Pioneering animator Brenda Banks (Film/Video BFA 71, MFA 73) passed away on Dec. 31, 2020. She was 72.
Banks is recognized as an industry trailblazer for being one of the first Black women animators in America. Throughout her career, she lent her talents to iconic characters such as The Smurfs, Scooby-Doo, Charlie Brown, among others, and on series such as Looney Tunes, The Simpsons, and King of the Hill, the latter cited by Cartoon Brew as her last known industry job.
Animator and educator Nancy Beiman (Film/Video BFA 79) commented on a Facebook tribute to Banks by animation historian Tom Sito, noting that she’d met Banks while in Jules Engel’s (founder and director of CalArts’ Film Graphics Program, later renamed Experimental Animation) program at CalArts. Beiman described Banks’ caricatures of The Three Stooges as a three-headed dinosaur as “brilliant” and “spectacular.”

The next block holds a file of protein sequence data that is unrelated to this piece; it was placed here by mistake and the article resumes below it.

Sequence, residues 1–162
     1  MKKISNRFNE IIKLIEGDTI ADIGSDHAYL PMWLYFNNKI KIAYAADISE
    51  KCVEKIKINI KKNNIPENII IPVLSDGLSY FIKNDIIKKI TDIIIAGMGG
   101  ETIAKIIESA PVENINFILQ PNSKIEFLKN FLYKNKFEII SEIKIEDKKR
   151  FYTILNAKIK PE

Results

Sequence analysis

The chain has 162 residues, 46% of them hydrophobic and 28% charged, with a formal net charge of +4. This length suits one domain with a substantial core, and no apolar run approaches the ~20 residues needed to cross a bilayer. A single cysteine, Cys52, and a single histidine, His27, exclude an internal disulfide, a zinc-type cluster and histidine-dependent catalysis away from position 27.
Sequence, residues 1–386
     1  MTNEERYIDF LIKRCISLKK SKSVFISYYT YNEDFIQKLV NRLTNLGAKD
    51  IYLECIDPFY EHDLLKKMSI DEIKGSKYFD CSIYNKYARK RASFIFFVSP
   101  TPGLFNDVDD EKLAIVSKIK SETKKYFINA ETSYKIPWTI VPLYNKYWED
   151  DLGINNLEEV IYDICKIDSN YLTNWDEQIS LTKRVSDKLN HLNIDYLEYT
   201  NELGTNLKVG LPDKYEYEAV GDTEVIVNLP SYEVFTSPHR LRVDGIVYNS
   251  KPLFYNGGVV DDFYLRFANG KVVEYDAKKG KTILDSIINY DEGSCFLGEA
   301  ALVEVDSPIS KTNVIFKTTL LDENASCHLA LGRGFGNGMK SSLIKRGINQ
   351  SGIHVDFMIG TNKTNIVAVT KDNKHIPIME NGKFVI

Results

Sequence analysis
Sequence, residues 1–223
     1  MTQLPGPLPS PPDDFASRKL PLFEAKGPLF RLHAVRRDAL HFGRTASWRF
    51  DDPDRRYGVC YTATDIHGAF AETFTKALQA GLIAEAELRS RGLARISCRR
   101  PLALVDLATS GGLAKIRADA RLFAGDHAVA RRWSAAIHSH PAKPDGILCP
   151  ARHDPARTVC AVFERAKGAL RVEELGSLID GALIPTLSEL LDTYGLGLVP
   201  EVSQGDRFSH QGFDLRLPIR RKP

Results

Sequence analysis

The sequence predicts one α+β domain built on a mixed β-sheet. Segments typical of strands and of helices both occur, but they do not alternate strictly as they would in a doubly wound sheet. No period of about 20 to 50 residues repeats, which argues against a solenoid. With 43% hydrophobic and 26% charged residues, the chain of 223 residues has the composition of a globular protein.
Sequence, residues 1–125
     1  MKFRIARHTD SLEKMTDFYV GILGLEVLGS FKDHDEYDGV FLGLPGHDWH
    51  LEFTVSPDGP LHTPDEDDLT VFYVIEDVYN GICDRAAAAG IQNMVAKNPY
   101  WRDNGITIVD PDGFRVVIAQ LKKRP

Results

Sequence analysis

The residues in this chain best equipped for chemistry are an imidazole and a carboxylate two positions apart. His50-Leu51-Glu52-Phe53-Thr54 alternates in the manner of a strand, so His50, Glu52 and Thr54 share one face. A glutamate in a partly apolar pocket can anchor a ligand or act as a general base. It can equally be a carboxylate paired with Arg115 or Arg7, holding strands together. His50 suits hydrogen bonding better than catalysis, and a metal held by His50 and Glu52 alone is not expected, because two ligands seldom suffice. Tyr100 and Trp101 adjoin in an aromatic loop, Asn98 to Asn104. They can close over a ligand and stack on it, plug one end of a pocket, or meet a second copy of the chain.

Banks’ early animation credits appear on Flip Wilson’s television specials, produced in 1972 and 1974 at DePatie-Freleng Enterprises. She had broken into the industry by the time the legendary director Ralph Bakshi had met her, after which she worked on several of his films, including Wizards (1977), Lord of the Rings (1978), American Pop (1981), and Hey Good Lookin’ (1982). Jon M. Gibson and Chris McDonnell’s biography of Bakshi described Banks as a “veteran guiding the rookies” during the production of the fantasy adventure Fire and Ice (1983).
A tribute to Banks by Cartoon Brew noted:
Whatever studio she found herself at, be it Hanna-Barbera or Warner Bros., Banks was remembered for her kindness and humor. Many also described her as quiet—shy, even—and immensely talented. She animated well and fast and often giggled while doing so.